Trophoblast-derived Heparanase is Not Required for Invasion

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    To invade the decidua and myometrium, extravillous trophoblast must degrade an assortment of extracellular matrix (ECM) components. The uterine wall is rich in heparan sulphate proteoglycans (HSPG), which interact with collagen, laminin and fibronectin, and bind a variety of growth factors. HSPG are catabolised by heparanase, an enzyme that is highly expressed in the placenta. The aim of this study was to investigate the role of heparanase in first trimester trophoblast invasion. First trimester cytotrophoblasts (CTB) were isolated by trypsin digestion followed by centrifugation on a Percoll gradient. Cells were cultured on Matrigel to promote an extravillous phenotype. Heparanase expression was studied by immunohistochemistry and confocal microscopy. Trophoblast invasion was assessed using an in vitro transwell assay. A high level of heparanase was observed in isolated first trimester trophoblast; however, a function-blocking antibody did not inhibit invasion of primary CTB or the extravillous trophoblast cell line SGHPL-4 at 21% oxygen. In contrast to cancer cells, heparanase expression was not increased following culture at 3% oxygen, and trophoblast invasion was not retarded by the blocking antibody under these conditions. Heparanase expression was observed in stromal cells and vascular endothelium in first trimester parietal decidua. Expression was evident on the cell surface and in the nucleus of trophoblast and decidual cells. In conclusion, trophoblast heparanase is not required for invasion in vitro. Its abundant expression suggests another role during pregnancy, perhaps in controlling the availability of ECM-bound growth factors or acting as a transcription factor. © 2008 Elsevier Ltd. All rights reserved.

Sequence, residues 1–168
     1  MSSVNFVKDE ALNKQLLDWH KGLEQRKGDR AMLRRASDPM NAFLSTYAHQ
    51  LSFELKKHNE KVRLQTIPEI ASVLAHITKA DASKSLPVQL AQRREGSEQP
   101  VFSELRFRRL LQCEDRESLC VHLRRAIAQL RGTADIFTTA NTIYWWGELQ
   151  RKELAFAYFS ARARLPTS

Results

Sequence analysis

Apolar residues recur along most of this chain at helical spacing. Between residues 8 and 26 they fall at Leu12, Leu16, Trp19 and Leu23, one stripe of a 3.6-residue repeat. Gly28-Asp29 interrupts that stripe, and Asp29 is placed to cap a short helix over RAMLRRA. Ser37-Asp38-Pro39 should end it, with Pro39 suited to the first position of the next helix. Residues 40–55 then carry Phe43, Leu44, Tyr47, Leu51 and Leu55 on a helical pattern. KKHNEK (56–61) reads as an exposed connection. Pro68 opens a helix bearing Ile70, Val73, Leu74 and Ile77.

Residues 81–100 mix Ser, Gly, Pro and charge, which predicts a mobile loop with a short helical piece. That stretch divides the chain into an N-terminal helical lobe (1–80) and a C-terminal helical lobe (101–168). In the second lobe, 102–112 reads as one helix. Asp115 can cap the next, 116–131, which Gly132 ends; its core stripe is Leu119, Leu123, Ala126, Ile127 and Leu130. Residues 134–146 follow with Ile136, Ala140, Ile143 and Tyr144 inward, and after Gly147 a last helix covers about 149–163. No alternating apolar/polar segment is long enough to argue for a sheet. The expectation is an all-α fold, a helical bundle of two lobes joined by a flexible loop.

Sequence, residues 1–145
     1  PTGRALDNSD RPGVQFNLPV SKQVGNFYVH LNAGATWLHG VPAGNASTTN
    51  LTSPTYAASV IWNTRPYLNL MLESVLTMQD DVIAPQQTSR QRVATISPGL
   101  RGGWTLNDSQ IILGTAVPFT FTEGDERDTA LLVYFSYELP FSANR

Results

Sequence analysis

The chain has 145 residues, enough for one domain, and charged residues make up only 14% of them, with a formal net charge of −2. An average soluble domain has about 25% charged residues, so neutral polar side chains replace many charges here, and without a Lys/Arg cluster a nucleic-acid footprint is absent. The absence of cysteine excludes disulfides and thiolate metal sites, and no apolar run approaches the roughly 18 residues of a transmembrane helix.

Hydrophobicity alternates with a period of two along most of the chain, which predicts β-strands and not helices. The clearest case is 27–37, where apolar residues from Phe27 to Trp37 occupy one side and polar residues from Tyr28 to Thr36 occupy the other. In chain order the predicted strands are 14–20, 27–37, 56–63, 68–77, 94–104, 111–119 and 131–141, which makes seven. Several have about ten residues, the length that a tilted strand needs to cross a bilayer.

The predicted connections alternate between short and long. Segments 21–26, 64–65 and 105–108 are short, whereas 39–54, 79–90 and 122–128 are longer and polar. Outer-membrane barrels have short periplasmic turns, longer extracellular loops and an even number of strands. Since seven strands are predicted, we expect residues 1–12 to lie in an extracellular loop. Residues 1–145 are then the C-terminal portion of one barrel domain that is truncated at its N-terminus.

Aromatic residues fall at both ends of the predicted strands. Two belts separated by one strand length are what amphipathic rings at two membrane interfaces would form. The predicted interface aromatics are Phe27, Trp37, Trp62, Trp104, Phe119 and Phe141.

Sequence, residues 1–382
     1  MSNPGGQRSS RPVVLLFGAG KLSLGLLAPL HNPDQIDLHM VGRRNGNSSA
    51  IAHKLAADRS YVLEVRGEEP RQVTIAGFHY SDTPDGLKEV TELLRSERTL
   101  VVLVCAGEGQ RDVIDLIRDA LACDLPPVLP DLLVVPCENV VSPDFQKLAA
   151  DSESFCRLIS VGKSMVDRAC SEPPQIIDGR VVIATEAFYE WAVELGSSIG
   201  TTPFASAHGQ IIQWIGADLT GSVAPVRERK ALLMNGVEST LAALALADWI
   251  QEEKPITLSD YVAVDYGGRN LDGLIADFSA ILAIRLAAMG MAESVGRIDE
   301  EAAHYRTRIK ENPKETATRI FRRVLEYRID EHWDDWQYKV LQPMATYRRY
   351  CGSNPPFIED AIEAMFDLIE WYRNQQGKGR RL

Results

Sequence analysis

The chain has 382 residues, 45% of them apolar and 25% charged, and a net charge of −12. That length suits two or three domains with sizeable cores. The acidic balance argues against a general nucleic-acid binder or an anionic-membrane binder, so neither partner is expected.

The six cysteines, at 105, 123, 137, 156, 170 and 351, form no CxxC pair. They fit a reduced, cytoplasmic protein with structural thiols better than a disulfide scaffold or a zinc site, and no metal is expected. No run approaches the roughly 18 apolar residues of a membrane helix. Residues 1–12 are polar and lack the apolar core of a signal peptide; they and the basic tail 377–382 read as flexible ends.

Original languageEnglish
    Pages (from-to)332-337
    Number of pages5
    Issue number4
    Publication statusPublished - Apr 2008


    • Heparan sulphate
    • Heparanase
    • Invasion
    • Pregnancy
    • Trophoblast


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